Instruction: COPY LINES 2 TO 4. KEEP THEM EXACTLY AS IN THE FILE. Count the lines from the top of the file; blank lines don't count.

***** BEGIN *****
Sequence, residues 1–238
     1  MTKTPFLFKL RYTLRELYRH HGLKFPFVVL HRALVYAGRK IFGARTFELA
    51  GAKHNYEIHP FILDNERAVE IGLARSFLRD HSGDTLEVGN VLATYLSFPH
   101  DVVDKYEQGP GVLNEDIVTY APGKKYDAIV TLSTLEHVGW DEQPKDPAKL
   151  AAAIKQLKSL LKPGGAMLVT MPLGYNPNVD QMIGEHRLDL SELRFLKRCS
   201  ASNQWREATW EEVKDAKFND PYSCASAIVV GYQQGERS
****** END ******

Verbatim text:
     1  MTKTPFLFKL RYTLRELYRH HGLKFPFVVL HRALVYAGRK IFGARTFELA
    51  GAKHNYEIHP FILDNERAVE IGLARSFLRD HSGDTLEVGN VLATYLSFPH
   101  DVVDKYEQGP GVLNEDIVTY APGKKYDAIV TLSTLEHVGW DEQPKDPAKL